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Native American Stereotype Representation - Native American Stereotype Representation Stereotyping may be historical, but the emotions it arouses are eminently present today. According to Jack G. Shaheen, “Stereotypes are especially confining images. They are standardized mental picture[s] . . . representing oversimplified opinion[s] . . . that [are] staggeringly tenacious in [their] hold over rational thinking,” (303). It is obvious today that the presence of the Native American Indians is historically significant. Attitudes of those in the nineteenth century, who viewed images of American Indians, were shaped through the means of media....   [tags: traditional, image, savages] 1751 words
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Native Americans and Alcohol - Northern Native Americans were faced with many great hardships with the arrival of the Europeans, Spanish and the French. American Indians had thrived on American soil for thousands of years with great prosperity. Living among each other in a local economy and communities The Native Americans created a civilization that was harmonious with the land and spiritual world that surrounded them. They were able to sustain their survival from the living plants and animals that lived among them in this over abundant country and all of it's rich resources....   [tags: Native American History]
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Native Americans And Treaties with the Government - “We must protect the forests for our children, grandchildren and children yet to be born. We must protect the forests for those who can't speak for themselves such as the birds, animals, fish and trees" Chief Qwatsina’s of the Lakota Tribe. The plain natives, a respectful people, took from the land what they needed and always gave back. The settlers that came thought they were smarter and more advanced than the natives, and viewed the natives as being inferior. In reality it was the exact opposite....   [tags: Native American Tribes, Beliefs, Traditions]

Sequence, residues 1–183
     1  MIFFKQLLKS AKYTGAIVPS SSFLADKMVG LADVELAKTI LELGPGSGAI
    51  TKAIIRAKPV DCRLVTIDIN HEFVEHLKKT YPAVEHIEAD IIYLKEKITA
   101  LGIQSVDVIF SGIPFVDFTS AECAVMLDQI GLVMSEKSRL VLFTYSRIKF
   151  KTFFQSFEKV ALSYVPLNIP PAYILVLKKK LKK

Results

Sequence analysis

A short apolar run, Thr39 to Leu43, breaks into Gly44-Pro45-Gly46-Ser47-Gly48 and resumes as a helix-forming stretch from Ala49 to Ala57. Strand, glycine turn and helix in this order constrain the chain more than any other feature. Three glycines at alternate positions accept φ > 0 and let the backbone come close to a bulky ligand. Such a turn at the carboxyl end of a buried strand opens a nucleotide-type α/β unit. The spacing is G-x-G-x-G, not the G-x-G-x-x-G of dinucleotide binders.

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History and Relocation of Native Americans - 1. Trace the history of relocation and Indian reservations. In what ways did reservations destroy Native American cultures, and in what ways did reservations foster tribal identities. Be sure to account for patterns of change and consistency over time.   When one hears the word “relocation”, I assume, they think of taking one thing exactly as it was and placing it in a different location, but placing it as it was and with the same resources. Relocation is a loaded term because before the word relocation came about settlers of early America were forcefully pushing native peoples off their homelands; they just didn’t have the term “relocation”....   [tags: Indian Reservations, Native American Cultures]